Scientific Games and tribal operator Oneida Indian Nation have secured approval from the National Indian Gaming Commission (NIGC) for the partners’ sports betting venture New York State.
The partnership, first announced in January, will see Scientific Games provide its OpenBet technology to power sports betting at Oneida’s three New York casinos: Turning Stone Resort, Yellow Brick Road and Point Place.
This will include player management software and dynamic pre-game and live data feeds from Scientific Games-owned Don Best Sports, which is part of its SG Digital business.
However, despite gaining a favourable determination from the NIGC – something that was required in order for the partnership to commence – the deal remains subject to New York passing legislation to legalise sports betting. Both Scientific Games and Oneida expect this to happen before the end of the year.
“We are proud that we will be among the first Indian nations nationally to offer sports betting, and we appreciate NIGC’s review and approval of our partnership with Scientific Games,” Oneida Indian Nation representative and Nation Enterprises CEO, Ray Halbritter, said.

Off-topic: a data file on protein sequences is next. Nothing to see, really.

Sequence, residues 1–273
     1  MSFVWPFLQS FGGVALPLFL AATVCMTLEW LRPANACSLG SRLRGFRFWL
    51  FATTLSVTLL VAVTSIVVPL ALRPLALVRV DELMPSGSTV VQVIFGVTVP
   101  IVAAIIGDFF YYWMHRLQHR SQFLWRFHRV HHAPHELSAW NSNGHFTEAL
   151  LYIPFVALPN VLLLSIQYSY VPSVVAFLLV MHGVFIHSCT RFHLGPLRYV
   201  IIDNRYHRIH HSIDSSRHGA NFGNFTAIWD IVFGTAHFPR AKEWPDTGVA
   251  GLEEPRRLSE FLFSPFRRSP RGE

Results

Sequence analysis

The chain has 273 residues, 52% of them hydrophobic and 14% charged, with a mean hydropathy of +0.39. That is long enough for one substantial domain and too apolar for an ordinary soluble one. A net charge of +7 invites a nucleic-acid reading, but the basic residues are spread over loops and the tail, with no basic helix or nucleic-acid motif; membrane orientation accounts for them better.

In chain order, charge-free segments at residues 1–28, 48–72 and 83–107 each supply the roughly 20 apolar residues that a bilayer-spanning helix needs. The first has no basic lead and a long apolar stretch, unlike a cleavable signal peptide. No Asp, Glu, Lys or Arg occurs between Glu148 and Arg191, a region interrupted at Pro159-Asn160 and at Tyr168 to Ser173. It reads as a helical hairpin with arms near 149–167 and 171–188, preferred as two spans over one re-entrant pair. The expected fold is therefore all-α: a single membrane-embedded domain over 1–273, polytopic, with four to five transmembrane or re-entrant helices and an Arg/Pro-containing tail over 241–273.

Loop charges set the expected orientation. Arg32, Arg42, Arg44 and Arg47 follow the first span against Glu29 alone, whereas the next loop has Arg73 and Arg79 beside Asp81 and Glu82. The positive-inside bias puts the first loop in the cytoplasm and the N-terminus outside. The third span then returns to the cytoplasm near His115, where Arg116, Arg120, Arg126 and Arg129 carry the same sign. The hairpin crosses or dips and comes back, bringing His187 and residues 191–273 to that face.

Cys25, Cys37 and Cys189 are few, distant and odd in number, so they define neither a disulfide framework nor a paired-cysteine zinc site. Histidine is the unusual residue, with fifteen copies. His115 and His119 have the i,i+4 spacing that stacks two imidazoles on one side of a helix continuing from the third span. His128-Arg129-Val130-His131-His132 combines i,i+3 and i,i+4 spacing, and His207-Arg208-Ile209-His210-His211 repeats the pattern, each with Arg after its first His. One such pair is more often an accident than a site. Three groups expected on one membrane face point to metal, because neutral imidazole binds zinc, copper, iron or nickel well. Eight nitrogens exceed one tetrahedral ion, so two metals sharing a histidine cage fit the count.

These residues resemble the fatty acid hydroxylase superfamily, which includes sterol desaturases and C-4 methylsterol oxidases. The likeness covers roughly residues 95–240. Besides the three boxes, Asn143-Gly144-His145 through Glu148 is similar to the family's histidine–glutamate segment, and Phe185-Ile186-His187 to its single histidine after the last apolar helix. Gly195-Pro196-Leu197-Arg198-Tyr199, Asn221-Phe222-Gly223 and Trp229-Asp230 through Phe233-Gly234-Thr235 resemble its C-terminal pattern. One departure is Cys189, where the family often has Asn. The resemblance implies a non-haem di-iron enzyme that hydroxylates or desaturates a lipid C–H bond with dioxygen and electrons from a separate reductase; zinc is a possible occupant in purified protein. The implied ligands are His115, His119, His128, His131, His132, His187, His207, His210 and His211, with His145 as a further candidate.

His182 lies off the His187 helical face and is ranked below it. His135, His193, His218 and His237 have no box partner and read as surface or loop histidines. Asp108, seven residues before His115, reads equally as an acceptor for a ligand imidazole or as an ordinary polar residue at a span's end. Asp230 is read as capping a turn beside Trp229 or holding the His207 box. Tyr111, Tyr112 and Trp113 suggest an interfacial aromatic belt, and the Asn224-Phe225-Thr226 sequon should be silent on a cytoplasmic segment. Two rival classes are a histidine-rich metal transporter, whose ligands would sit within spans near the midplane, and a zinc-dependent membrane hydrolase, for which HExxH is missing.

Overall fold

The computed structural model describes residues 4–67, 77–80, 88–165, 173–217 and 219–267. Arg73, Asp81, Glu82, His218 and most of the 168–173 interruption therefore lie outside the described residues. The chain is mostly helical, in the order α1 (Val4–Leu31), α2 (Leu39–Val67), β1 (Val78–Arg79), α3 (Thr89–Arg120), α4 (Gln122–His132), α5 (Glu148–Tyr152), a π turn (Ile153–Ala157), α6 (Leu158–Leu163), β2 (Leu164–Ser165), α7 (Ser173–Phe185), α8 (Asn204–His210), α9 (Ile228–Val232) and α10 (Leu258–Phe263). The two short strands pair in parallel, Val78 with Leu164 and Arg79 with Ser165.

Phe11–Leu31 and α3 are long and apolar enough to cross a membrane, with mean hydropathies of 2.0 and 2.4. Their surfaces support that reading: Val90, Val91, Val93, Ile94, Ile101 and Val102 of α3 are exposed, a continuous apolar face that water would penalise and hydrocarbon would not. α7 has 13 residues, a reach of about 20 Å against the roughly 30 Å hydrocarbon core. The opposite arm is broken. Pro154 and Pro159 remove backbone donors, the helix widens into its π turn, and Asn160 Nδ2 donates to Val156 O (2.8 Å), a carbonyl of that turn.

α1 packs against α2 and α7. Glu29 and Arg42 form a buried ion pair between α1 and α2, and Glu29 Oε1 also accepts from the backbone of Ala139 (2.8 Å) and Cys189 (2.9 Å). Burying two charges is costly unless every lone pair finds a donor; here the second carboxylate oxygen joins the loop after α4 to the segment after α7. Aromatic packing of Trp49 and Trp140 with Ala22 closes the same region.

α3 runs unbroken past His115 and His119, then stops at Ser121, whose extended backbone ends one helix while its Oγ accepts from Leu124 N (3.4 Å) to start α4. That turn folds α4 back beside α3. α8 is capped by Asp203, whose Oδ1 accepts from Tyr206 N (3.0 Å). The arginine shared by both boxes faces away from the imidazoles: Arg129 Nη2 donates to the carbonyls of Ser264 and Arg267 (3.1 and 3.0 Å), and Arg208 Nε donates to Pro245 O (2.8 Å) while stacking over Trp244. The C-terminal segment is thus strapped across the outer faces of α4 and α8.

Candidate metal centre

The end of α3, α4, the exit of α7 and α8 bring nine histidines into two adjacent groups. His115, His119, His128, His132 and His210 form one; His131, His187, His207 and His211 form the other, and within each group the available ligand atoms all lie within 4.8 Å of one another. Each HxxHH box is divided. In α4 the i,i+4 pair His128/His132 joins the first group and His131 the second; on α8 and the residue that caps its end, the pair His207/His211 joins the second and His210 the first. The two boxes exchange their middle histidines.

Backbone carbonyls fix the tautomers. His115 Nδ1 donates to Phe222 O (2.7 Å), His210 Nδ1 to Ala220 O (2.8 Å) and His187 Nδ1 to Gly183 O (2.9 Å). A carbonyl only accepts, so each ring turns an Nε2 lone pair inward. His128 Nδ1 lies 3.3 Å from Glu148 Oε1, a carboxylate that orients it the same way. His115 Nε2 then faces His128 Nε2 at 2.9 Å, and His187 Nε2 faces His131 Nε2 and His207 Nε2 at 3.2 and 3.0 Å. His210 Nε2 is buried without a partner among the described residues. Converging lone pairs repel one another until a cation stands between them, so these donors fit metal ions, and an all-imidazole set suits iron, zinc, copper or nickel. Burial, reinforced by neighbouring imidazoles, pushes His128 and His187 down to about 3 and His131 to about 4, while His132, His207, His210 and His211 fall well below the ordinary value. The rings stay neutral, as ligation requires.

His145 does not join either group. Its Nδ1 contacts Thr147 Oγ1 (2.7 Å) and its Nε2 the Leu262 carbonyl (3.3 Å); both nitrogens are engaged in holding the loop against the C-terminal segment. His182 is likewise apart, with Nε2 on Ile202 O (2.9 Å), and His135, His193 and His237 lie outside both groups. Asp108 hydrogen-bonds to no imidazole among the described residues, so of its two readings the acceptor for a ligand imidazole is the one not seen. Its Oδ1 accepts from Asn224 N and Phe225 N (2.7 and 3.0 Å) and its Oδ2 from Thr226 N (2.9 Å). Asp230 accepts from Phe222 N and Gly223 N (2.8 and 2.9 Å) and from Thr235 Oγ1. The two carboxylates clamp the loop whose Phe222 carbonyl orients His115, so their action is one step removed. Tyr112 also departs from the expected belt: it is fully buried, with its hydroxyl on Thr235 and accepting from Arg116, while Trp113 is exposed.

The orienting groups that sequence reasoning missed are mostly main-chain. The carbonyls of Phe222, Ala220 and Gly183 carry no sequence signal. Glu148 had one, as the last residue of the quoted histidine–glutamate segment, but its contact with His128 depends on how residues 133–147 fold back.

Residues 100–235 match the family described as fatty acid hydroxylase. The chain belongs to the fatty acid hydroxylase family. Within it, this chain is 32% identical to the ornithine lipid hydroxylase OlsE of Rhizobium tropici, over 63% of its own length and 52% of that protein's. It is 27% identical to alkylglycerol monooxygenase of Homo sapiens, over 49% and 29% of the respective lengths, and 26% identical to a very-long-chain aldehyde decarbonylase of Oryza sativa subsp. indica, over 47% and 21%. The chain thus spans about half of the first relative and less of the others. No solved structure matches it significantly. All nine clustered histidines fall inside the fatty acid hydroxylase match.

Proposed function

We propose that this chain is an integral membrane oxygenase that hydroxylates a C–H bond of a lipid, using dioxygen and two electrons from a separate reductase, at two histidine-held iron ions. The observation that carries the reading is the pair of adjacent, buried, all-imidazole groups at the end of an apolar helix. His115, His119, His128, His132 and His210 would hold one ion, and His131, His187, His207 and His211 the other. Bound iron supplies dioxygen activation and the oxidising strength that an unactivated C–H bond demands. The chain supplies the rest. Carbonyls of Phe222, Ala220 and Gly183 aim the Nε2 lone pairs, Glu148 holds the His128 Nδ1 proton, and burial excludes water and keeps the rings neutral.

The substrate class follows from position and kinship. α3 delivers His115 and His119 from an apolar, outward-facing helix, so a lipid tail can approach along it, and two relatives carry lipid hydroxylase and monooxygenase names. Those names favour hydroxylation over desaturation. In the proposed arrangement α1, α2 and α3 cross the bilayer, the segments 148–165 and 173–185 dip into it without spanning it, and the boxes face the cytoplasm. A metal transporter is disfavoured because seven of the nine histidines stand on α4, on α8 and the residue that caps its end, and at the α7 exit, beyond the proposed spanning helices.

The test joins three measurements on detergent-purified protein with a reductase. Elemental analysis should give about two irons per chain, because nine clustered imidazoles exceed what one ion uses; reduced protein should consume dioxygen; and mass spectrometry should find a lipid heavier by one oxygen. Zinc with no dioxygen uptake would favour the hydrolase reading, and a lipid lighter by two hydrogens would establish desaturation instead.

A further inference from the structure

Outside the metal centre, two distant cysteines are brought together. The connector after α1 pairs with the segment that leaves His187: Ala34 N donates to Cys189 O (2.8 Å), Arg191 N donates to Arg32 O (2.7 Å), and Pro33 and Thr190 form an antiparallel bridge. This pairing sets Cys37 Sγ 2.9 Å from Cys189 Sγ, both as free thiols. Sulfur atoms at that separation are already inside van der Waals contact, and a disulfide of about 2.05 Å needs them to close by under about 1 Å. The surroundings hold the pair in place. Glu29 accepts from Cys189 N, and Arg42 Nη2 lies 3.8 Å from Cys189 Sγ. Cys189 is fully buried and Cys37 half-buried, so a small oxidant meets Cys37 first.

“Our partnership with Scientific Games and SG Digital will give our guests an incredible sports betting experience while providing our properties a strong foundation to grow this market in New York.”
Jordan Levin, group chief executive of SG Digital, added” “We’re making great strides in preparing for the New York market to go live with sports betting, and we’re honoured to work with the Oneida Indian Nation to activate our proven sports betting solution.
“Being part of the first sports betting partnership to receive a favourable NIGC determination is a significant milestone that will set both Scientific Games and Oneida up for ongoing success.”
New York has been considering the introduction of sports betting for some time, with the New York State Gaming Commission setting out its initial regulations in January of this year.
Earlier this month, New York took a step closer to legalising sports betting when the New York Senate Racing, Gaming and Wagering Committee voted to advance a bill that would regulate in-person and mobile sports wagering in the state.